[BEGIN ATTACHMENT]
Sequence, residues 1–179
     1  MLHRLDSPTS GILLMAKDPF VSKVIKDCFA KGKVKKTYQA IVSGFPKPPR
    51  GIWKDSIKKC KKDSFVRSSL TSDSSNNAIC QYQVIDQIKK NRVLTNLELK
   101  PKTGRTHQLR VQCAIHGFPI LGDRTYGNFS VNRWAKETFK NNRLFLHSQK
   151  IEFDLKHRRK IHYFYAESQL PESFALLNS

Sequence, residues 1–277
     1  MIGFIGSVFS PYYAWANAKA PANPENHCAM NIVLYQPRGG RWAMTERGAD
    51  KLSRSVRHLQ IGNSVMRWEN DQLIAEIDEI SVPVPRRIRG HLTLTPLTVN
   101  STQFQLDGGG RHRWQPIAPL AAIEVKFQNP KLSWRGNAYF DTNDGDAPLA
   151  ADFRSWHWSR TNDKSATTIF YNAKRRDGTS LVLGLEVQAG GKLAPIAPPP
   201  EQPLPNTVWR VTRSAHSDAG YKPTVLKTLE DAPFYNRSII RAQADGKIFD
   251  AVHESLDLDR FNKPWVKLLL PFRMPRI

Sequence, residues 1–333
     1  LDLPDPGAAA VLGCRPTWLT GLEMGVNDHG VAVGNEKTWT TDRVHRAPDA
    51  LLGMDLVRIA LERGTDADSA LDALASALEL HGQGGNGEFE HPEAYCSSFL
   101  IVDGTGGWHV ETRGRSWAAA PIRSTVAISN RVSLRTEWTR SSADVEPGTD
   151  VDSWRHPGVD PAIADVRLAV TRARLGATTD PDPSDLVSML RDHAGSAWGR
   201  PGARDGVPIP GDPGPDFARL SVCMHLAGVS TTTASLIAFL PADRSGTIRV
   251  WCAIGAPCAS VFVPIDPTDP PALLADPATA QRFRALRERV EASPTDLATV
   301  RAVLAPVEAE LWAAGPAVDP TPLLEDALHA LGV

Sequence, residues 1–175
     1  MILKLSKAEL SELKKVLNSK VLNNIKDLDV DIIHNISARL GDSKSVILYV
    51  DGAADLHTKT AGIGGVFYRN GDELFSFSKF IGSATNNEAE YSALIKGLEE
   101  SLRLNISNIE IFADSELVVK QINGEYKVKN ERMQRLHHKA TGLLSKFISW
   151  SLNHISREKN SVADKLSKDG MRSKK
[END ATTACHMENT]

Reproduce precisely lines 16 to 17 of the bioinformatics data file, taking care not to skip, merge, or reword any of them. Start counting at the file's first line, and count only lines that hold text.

   101  IVDGTGGWHV ETRGRSWAAA PIRSTVAISN RVSLRTEWTR SSADVEPGTD
   151  VDSWRHPGVD PAIADVRLAV TRARLGATTD PDPSDLVSML RDHAGSAWGR